February 16, 2010

Not true thing of the day #2

Filed under: Uncategorized — admin @ 1:01 pm

I wasn’t sure if I wanted to address this point so early in the series, but as it happens to be in the headlines these days I thought the timing was propitious.  As I have mentioned in previous posts, trying to quantify and rank something like happiness has methodological difficulties.  However, if we wait for the perfect data, we’re never going to get anything done…  If we need to have a discussion around the data I shall reference in the “reality” section, it is likely we will need to address methodology. In any case, on with the show:

Assertion:  Being Mormon will make you happy.

Note:  I think it is also a fair representation to say that the assertion also includes the notion that being Mormon will make you happier than other things you might do.  There will likely be an ongoing series on the difference between the Mormon self-perception and what data about Mormons actually shows.  I shall reuse some of my resources as we go through those points.

Reality:  Mormons are not happier than non-Mormons.

There is very little correlation between the density of Mormons and the likelihood that a given city will report high happiness levels.  Further, the trend shows cities with extremely low densities of Mormons reporting a higher comparative level of happiness than cities with high densities of Mormons.  Research has suggested abnormally high levels of anti-depressant use in Mormon-dense communities.  In addition, there are significantly higher levels of suicide rates in certain Mormon demographics.  The family values aren’t so hot either.  Atheists tend to get divorced less than Mormons, what with their wonderful family values and divine family home evenings and what not (oh wait, is that a misplaced modifier? (dear me)).  I assert these data points can be reasonably accepted as proxy values likely to correlate to happiness.

I was advised by a reader yesterday that my posts would be stronger if I provided more corroborating data.  To whit, I am linking this summary discussing what insight we can gain on Mormonism from demographics (primarily in Utah).  All of my factual assertions above are addressed in that link.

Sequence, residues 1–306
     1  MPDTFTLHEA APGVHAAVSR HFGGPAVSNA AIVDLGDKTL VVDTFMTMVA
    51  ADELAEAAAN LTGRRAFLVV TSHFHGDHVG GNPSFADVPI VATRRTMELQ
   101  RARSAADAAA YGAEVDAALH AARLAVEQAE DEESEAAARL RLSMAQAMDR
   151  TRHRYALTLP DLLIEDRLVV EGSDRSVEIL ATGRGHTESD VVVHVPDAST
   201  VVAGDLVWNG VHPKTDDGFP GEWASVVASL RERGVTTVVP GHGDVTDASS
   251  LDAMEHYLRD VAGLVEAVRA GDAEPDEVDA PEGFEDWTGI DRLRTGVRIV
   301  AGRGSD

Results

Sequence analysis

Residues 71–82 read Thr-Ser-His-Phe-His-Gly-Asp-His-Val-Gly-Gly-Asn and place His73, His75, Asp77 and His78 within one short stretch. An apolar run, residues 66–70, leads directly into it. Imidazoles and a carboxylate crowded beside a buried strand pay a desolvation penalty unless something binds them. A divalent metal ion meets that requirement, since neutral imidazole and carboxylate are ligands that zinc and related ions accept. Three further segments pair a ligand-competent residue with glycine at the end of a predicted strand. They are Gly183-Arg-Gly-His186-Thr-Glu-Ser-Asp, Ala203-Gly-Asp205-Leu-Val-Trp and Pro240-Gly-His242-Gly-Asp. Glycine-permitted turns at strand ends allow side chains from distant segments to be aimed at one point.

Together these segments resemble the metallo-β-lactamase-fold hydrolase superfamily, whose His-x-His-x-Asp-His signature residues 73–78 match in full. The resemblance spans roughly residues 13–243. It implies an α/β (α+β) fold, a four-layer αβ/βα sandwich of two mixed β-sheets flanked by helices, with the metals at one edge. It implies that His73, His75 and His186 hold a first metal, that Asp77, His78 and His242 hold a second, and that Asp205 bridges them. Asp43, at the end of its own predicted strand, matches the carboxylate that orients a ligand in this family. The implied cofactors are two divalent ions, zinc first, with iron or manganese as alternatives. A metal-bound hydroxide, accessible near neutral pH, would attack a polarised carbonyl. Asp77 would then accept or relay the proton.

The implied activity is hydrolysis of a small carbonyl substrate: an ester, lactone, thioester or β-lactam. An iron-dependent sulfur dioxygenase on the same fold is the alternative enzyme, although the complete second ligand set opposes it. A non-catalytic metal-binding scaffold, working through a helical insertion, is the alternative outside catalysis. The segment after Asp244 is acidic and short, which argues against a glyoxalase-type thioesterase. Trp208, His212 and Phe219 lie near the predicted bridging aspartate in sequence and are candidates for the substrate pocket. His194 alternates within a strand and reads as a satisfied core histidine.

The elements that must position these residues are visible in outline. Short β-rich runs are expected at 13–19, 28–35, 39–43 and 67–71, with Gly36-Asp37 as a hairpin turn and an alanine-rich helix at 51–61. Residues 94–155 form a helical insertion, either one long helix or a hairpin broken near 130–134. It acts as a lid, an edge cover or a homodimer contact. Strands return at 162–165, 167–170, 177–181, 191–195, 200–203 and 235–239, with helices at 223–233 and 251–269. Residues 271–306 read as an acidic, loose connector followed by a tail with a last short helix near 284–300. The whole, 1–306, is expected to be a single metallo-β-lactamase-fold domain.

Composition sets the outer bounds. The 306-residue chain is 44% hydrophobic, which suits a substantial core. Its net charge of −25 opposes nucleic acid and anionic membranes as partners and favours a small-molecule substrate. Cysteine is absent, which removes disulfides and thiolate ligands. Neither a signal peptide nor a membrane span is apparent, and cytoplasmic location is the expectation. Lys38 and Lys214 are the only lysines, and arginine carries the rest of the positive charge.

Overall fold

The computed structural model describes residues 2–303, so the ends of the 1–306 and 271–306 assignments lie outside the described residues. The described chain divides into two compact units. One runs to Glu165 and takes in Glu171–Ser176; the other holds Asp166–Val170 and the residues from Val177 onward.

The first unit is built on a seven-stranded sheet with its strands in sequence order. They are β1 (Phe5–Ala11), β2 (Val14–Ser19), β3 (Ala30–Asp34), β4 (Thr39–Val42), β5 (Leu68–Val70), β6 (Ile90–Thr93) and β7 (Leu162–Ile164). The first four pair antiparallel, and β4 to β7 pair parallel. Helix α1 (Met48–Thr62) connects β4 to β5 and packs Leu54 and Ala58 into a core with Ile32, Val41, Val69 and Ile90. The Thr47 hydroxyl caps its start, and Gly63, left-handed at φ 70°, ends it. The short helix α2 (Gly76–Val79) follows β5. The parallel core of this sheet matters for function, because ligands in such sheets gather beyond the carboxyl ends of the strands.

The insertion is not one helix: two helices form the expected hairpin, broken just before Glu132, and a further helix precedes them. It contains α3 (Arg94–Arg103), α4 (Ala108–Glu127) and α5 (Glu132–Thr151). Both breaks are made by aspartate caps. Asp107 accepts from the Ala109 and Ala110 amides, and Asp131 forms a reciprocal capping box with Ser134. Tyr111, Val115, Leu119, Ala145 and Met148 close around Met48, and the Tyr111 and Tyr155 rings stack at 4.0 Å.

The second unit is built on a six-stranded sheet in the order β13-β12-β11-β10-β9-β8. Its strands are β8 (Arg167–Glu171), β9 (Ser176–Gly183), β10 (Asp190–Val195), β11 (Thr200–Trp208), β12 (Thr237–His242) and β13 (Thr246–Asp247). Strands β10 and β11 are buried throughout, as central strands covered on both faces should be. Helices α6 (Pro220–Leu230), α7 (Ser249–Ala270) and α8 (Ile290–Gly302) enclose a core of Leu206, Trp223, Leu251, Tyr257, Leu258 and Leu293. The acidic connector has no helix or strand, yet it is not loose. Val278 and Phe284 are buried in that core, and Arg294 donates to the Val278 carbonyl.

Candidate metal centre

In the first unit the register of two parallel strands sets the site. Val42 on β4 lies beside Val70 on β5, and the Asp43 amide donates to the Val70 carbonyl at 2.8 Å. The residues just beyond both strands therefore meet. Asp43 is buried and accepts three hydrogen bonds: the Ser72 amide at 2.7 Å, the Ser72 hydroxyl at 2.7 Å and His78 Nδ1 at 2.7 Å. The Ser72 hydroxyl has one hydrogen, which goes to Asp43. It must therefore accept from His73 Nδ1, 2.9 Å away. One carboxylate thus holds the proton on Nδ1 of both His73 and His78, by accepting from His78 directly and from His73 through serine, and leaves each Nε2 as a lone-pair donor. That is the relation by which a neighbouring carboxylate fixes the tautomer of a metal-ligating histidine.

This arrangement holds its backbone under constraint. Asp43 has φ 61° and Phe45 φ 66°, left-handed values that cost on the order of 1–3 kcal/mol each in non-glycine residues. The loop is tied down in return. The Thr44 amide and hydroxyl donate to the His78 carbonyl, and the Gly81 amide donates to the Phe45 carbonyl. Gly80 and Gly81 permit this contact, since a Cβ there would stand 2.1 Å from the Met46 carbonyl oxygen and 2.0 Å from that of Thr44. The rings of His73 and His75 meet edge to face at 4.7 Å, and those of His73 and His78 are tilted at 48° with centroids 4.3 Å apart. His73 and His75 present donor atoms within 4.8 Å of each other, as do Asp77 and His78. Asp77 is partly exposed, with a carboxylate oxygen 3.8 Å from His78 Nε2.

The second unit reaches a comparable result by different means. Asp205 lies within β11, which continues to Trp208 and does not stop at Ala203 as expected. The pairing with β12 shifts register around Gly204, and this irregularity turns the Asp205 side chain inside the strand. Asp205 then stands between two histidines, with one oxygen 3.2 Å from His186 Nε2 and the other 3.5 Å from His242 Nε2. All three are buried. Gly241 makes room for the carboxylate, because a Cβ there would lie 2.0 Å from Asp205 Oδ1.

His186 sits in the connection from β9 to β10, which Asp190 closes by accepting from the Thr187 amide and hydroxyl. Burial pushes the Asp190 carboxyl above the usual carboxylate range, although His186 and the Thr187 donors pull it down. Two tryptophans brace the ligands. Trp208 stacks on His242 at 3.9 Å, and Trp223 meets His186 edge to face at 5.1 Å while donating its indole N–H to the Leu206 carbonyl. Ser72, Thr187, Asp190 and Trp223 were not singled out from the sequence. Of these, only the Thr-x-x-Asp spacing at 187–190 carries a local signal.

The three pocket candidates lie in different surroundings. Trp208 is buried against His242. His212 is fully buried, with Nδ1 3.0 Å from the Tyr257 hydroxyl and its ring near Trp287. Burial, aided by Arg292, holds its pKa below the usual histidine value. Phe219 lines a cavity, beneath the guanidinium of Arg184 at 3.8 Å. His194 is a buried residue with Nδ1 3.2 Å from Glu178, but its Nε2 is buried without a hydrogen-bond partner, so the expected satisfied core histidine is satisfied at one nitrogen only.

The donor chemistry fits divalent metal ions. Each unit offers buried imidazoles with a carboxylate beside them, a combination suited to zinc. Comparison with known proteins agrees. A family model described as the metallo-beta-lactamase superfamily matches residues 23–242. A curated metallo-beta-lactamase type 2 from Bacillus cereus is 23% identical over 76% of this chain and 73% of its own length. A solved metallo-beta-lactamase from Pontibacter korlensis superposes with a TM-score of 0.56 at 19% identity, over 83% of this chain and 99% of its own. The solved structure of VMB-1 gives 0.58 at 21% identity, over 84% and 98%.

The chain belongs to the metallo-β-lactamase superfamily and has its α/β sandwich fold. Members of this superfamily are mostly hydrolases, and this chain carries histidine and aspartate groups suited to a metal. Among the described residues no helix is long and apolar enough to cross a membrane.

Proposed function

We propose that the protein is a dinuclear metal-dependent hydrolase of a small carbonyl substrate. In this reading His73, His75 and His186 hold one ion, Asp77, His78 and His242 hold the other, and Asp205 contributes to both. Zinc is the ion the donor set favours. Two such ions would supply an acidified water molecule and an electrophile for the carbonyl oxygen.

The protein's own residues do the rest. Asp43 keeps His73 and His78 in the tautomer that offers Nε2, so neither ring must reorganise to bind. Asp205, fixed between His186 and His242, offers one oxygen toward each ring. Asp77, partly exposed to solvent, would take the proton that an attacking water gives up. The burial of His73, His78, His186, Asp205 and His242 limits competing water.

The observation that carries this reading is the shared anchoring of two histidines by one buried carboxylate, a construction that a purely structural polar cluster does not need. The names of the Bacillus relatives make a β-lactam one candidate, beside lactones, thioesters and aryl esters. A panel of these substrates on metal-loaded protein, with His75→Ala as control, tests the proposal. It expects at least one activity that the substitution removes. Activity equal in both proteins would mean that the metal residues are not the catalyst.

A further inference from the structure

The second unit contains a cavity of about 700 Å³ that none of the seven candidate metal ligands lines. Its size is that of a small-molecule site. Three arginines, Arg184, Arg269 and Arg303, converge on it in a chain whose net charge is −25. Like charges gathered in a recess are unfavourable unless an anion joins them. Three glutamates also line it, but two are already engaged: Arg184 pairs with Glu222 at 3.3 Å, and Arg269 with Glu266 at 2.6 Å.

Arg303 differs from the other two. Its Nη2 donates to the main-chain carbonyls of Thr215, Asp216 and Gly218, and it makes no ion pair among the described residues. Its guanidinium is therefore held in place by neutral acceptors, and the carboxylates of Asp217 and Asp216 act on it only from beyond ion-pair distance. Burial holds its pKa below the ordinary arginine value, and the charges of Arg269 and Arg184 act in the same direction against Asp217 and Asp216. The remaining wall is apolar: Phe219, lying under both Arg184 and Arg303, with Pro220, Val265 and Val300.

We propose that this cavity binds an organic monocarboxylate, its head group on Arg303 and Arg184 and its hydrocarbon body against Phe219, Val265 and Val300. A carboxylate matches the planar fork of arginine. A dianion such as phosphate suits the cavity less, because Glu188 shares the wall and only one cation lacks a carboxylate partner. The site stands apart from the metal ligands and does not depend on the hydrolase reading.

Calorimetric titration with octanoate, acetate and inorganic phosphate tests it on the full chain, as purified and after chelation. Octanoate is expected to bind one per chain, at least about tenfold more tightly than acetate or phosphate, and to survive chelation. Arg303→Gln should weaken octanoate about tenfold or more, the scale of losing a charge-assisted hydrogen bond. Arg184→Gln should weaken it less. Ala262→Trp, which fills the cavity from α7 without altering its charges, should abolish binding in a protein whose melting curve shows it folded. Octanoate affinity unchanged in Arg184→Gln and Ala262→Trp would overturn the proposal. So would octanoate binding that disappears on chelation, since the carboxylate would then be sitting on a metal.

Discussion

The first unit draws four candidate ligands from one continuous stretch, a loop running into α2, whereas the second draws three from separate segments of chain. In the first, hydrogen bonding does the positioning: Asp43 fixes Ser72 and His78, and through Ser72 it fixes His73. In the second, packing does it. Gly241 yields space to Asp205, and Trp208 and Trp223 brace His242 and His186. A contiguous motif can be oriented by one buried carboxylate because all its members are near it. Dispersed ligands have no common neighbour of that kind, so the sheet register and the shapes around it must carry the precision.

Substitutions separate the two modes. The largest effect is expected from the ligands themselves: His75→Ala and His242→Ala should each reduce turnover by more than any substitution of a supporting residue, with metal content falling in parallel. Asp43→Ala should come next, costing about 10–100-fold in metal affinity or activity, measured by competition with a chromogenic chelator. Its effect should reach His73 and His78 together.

This website is a Mormon-friendly piece of the websphere.  In my judgment the speaker does a reasonable job approaching the data in a neutral manner.  Most of the original research is not well cited, but I doubt most of my readers want to go that deep anyway.  If you do, I think there are enough clues in the text to find the material.  He has concluded that the demographic data cannot prove or disprove the truthfulness of the church.  I do agree with that, but it can certainly illustrate if the people attempting to live the principles of that church are finding their labors closely correlated to happiness.  If they aren’t, and other people are getting happier, faster, then one questions the value add Mormonism would bring…  In any case it counter-points the assertion above, which is the issue at hand.

PS: I will give 1,000 Lebanese Lira to the first person to hold up Provo/Orem as an example of happy Mormonism.  Please, please, please go there!  Won’t you please go there?


  1. Mormons are the happiest if they live in Provo or Orem…can I have my Lira now? :)

    Comment by Terra — February 17, 2010 @ 12:12 am

  2. You’re not going to give me any Lira are you?

    Comment by Terra — February 18, 2010 @ 6:57 am

  3. @Terra – I totally, am, I just got distracted by other content.

    Your statement from this data is obviously true, and quite hilarious. I think it is quite a funny notion that we should extrapolate where Mormons would be happy from this data.

    Not exactly relevant to the assertion that Mormonism will make you happy, but amusing none the less.

    Comment by admin — February 18, 2010 @ 10:04 am

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